10 new Women-Led Community Centers at Rohingya refugee camps offer midwifery, training opportunities, and more
UNFPA and WFP partner to open Women-Led Community Centers to benefit Rohingya refugees and host community alike - with a focus on women and teenage girls.
Ten Women-Led Community Centers (Seven for Rohingya refugees, two for host community, one mixed) are being added to the 20 UNFPA Women Friendly Spaces (17 for Rohingya refugees, two for host community, one mixed) serving the camps and host communities, which have reached over 135,000 women and girls since August 2017, providing them access to midwifery and other important services for protection and well-being. With technical support from UNFPA and WFP, the non-government organization Gana Unnayan Kendra (GUK) is implementing the WLCC project.
Other UN and civil society partners are also offering similar skill-based programmes and training opportunities, to help amplify the impact of this approach, including UN Women, BRAC and UNICEF. Representatives from these and other organizations attended the inaugural ceremony and shared their experiences and willingness to work together to improve the lives of the refugees and host communities alike. Aynul Kabir, Additional Secretary, Bangladesh Ministry of Women and Children’s Affairs, congratulated the UN and partners, requesting more partnerships like this to build skills and benefit women and girls along with men and boys.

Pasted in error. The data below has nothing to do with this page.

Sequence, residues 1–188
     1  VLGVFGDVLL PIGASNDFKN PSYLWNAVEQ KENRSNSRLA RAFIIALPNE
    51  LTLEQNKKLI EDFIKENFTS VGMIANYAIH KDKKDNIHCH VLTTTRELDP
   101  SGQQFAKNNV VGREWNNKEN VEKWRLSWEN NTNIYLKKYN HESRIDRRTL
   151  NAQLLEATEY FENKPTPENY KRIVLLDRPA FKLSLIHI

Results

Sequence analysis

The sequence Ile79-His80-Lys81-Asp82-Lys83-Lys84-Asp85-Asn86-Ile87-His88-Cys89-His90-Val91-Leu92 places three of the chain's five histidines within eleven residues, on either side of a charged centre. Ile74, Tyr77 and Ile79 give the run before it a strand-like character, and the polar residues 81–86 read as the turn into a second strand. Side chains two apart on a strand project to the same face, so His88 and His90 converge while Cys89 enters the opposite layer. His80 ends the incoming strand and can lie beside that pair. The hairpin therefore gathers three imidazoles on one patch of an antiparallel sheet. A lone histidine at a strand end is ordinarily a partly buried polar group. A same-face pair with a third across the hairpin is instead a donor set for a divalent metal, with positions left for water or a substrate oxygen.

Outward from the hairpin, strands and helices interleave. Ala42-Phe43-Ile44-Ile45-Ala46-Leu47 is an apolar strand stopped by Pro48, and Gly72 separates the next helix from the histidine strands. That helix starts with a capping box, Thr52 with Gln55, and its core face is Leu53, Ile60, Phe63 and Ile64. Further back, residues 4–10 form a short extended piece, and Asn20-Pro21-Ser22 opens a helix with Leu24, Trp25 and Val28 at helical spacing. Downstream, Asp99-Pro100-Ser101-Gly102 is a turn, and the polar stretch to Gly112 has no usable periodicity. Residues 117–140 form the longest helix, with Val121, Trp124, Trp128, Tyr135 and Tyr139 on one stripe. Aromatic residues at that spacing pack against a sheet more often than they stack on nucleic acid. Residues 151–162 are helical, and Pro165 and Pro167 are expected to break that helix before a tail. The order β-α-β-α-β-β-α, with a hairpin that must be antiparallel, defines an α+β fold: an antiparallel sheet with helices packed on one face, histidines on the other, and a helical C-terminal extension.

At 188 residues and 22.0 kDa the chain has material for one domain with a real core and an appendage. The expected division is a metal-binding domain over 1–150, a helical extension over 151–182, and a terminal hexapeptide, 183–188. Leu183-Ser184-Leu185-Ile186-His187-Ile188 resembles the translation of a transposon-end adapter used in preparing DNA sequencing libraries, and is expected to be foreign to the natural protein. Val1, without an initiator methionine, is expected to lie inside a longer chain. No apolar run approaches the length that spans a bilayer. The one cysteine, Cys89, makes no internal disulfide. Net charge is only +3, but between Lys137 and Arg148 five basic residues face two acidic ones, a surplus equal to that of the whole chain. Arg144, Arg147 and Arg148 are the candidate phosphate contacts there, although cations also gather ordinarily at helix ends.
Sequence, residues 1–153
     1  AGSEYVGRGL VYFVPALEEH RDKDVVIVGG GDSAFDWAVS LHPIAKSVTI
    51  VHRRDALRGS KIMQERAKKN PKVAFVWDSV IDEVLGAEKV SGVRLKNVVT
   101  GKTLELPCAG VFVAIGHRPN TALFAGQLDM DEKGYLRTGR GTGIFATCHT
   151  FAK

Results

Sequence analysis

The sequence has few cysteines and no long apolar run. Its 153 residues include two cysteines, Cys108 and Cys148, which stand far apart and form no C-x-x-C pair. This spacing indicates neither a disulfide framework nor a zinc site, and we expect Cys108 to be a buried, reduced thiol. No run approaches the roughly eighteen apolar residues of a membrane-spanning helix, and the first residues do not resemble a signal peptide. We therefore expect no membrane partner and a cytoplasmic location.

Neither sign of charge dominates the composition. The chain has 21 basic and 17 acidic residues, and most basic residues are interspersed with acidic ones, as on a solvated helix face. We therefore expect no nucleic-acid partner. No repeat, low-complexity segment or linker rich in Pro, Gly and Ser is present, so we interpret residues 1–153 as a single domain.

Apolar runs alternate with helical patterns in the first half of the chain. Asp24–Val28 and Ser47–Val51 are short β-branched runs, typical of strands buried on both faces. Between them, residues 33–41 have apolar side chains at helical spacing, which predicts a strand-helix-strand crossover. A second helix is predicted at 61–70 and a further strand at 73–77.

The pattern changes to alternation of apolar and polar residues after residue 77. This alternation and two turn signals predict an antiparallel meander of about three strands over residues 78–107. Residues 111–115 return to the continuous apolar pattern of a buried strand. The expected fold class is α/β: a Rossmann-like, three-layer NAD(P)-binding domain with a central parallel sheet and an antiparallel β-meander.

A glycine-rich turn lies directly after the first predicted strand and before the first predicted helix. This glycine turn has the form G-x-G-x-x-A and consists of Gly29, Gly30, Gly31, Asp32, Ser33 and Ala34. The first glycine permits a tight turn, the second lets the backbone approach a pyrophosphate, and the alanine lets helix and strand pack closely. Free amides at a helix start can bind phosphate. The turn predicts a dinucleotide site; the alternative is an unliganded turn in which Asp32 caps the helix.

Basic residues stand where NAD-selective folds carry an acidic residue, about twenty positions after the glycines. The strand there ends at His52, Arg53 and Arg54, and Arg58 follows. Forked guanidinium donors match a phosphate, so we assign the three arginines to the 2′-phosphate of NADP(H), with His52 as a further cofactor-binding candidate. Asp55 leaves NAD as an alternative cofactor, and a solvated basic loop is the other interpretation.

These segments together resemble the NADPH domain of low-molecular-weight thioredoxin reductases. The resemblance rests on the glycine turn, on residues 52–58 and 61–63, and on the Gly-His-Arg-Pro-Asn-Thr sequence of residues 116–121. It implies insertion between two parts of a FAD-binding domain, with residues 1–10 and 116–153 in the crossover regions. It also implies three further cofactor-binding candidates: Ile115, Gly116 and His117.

“This joint project brings together UNFPA’s expertise in addressing gender-based violence and supporting women and girls throughout the camps, along with WFP’s demonstrated expertise in implementing livelihood projects through these centers,” said Asa Torkelsson, UNFPA Representative in Bangladesh.
The centers will also allow men and boys to participate, as well as provide local Bangladeshi host communities with an open space for cultural events, Torkelsson noted in the inauguration ceremony for the launch event held on 4 March, 2019.
“Women and teenage girls in the refugee and host communities generally have very few opportunities to become self-sufficient. This is a concern for WFP as they often bear the brunt of food insecurity and other deprivations at the household level and have less to eat as access to food is difficult,” explained Richard Ragan, Country Director for WFP in Bangladesh.
Mia Seppo, UN Resident Coordinator in Bangladesh, thanked the Government and donors for their generous support, calling the project a good example of the “UN working as one.”